Recycling the right way

Published on: February 21, 2019

HILLSBOROUGH COUNTY SOLID WASTE MANAGEMENT PHOTO
It’s important to know what you can and cannot recycle in your blue collection cart. This photo shows how contaminants tangle and clog the county’s sorting machines, causing processing delays and added expense. Once these type of items are removed, they must be sent to the county landfill.

If you recycle, there’s a right way to do it

By LOIS KINDLE
Hillsborough County’s curbside pickup of recyclable items in rolling blue carts began in Oct. 2013, and currently six in 10 households participate on a regular basis. County residents place generally 62,000 tons of recyclable items in these carts annually to be taken to a transfer station in Tampa, and then to a materials recovery facility in St. Petersburg, where they are sorted and later sent to domestic and overseas markets for repurposing.
While the county is pleased with these numbers, some residents are “wish-cycling” nonrecyclable things in their carts, causing delays in processing and added handling expense.
“Some residents assume any type of plastic, metal glass and other materials like aluminum are recyclable,” said Travis Barnes, recycling coordinator for the county’s public utilities department. “We get an abundance of unrecoverable materials and excessively dirty that have to be extracted and sent to the landfill at an additional cost.”
This is called contamination. Top contaminants are food and liquids, “tanglers” that get stuck in sorting equipment, plastic bags, wraps, Styrofoam, PVC and very large plastic items.
These tanglers can endanger staff who sort or remove them, damage equipment, reduce the number of quality recyclable items and significantly increase processing costs.
“We like to say, ‘When in doubt, throw it out!”’ Barnes said.
Here are some guidelines to use when recycling:

YES!

• Clean, empty plastic bottles, jugs and containers (plastic caps should be left on the bottles.)
• Clean, empty aluminum cans, large aluminum food trays and pie tins free of food residue
• Clean, empty glass bottles and jars (Metal and plastic lids should be removed from the jars and can be recycled separately.)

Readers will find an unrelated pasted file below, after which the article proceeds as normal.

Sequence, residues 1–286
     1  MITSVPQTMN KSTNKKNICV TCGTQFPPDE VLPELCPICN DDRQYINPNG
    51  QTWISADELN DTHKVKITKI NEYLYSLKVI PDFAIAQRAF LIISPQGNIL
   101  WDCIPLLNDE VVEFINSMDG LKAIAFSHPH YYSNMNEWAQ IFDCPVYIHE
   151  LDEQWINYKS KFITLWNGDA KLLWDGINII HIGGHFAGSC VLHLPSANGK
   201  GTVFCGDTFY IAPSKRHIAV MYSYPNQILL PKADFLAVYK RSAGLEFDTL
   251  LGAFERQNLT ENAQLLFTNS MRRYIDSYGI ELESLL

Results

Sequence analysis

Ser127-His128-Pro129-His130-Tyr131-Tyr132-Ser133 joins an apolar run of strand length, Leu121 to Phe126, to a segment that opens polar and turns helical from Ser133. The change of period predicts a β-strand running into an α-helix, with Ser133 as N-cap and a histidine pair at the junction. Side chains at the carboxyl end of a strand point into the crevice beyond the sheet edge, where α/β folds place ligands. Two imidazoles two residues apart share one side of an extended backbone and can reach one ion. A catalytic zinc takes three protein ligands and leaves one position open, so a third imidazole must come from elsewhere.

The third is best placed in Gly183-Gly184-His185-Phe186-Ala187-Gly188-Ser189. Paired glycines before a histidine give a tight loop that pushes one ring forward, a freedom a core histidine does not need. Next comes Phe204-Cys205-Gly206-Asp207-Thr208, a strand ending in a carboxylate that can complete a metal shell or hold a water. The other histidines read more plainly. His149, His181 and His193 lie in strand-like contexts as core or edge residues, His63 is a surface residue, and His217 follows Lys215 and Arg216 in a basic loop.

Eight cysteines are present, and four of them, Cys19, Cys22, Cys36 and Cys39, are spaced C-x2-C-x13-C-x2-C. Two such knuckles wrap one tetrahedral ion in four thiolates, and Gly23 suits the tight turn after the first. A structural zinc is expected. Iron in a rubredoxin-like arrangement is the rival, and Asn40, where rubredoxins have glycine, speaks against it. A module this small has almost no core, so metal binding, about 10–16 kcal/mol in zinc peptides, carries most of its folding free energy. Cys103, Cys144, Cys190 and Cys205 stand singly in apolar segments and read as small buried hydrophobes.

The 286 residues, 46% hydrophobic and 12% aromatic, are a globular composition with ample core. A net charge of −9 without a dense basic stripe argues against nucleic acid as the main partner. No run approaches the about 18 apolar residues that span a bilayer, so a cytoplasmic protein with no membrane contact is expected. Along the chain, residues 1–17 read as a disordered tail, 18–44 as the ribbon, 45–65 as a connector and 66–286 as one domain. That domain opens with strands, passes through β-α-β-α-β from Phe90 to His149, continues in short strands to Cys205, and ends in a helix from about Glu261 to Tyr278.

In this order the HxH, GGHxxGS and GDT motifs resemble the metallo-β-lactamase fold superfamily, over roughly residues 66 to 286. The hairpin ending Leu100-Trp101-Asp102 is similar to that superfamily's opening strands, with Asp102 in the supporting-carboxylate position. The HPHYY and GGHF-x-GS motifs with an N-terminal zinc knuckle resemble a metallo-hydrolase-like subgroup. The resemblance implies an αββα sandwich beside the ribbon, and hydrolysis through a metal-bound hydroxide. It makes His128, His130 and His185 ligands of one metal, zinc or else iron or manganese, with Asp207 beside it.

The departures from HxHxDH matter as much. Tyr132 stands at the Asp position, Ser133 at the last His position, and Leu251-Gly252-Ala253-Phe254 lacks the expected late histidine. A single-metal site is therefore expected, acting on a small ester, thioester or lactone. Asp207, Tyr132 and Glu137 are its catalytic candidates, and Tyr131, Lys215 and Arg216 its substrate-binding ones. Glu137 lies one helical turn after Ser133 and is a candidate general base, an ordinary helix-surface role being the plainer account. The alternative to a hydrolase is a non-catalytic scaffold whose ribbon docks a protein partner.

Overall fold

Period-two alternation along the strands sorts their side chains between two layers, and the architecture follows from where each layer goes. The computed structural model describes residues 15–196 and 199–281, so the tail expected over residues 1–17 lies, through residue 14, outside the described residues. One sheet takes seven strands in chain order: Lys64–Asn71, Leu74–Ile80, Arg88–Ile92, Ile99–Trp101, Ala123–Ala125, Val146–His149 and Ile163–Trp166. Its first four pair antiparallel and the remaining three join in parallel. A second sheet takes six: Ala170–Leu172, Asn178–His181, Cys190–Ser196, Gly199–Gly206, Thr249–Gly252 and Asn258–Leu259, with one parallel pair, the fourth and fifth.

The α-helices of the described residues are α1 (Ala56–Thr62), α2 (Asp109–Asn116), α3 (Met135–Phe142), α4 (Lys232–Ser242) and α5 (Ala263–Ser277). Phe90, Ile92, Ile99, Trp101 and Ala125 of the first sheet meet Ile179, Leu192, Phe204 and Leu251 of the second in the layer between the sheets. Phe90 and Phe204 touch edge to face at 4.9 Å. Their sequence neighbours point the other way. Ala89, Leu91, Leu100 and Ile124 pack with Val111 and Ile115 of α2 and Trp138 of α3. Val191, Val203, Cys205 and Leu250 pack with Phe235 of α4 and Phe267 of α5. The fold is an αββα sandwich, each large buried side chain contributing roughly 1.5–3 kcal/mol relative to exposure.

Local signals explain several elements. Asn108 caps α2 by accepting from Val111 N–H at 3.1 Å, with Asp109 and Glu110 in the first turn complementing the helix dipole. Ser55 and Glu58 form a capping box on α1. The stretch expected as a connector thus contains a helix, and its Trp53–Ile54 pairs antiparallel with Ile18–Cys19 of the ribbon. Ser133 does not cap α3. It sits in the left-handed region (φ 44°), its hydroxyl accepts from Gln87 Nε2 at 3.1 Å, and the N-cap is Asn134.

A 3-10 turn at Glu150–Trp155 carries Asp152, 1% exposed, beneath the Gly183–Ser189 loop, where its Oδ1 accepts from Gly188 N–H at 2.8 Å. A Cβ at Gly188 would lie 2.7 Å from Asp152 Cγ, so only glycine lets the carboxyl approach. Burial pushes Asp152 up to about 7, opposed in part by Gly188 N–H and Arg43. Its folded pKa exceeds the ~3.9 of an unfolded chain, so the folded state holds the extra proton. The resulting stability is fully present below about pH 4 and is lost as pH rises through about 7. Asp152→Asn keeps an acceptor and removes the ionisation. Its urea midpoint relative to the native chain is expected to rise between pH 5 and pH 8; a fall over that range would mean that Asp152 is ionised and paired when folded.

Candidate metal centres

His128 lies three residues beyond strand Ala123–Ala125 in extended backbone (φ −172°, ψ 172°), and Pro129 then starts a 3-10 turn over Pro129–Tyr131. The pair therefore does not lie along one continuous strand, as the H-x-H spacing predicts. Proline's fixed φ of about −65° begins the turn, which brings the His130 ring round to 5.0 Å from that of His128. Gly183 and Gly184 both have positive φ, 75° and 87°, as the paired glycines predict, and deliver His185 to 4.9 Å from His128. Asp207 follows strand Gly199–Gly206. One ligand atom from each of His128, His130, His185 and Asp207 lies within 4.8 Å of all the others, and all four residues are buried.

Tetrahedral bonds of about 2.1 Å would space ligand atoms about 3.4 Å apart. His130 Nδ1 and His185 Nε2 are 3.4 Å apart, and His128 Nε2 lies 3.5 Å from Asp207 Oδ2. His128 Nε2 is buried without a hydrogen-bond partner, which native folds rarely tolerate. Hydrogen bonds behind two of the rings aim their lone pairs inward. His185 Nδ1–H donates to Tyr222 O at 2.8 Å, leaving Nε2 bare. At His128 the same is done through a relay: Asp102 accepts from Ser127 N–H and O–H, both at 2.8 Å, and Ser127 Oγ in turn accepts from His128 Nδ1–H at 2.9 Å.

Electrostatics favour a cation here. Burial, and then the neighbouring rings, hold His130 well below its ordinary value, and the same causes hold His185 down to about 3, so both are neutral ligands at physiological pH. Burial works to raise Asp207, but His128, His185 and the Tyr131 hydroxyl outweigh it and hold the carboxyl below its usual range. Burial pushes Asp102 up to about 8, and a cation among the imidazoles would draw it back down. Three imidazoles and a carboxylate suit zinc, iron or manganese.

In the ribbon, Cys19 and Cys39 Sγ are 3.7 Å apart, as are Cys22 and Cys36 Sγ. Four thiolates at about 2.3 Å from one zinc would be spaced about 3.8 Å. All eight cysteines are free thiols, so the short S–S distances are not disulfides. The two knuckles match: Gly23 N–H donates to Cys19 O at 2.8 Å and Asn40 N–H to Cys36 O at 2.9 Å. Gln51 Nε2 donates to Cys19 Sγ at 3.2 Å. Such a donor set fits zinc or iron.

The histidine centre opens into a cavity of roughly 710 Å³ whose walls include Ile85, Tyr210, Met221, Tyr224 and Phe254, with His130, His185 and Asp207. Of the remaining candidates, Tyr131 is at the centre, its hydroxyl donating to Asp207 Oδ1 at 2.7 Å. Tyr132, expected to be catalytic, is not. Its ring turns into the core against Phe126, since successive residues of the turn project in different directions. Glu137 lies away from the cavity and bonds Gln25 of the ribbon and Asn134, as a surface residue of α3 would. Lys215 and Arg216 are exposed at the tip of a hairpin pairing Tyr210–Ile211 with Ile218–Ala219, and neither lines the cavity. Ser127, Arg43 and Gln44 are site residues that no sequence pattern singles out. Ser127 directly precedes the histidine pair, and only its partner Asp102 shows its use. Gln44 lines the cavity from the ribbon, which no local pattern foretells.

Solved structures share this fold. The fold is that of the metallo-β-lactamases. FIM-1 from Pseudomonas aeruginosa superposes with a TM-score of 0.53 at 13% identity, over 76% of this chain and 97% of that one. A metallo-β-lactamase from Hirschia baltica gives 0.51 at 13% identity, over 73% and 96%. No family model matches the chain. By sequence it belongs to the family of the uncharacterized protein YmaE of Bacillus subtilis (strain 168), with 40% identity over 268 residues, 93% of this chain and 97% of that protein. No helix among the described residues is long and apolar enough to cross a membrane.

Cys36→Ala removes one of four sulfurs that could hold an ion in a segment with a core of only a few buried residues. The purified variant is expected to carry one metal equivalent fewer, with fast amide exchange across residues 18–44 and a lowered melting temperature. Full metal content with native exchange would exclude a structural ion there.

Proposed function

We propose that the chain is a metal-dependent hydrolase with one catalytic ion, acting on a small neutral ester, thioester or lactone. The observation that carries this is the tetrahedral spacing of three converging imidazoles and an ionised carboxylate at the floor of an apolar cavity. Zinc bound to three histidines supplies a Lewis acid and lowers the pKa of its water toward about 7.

• Dry paper, envelopes, newspaper and junk mail
• Clean, empty milk, juice and broth boxes or cartons
• Dry, flattened cardboard cut down or folded to fit inside the cart
• Clean, dry paperboard boxes
• Clean steel and tin metal cans, containers

No!

• Plastic bags, loose or otherwise, plastic wrap and film (Never place recyclable items inside plastic bags.)
• Food waste of any type
• “Tanglers,” i.e. cords, wires, garden hoses, rope, twine, clothing
• Styrofoam or polystyrene foam
• Pizza boxes
• Electronics, light bulbs, batteries
• Clothes hangers
• Diapers
• Rubber
• Soiled paper items
• Household hazardous waste
• Sharps (needles and syringes), medications
• Cooking oils and grease
• Construction, demolition debris
• Ceramics, cutlery, cooking and dining ware
• Construction, demolition debris
• Pressurized tanks
• Yard waste
• Plastic plants
As a reminder: Blue carts should be filled only with loose, clean and empty recyclable items, and everything must fit inside them. On collection day, they must be curbside by 6 a.m.
Blue and gray (garbage) carts need to be three feet apart and placed away from anything that will obstruct pickup. The wheels of both carts should face inward.
For more detailed information on what you can or cannot recycle, visit https://bit.ly/2SI5pA0.

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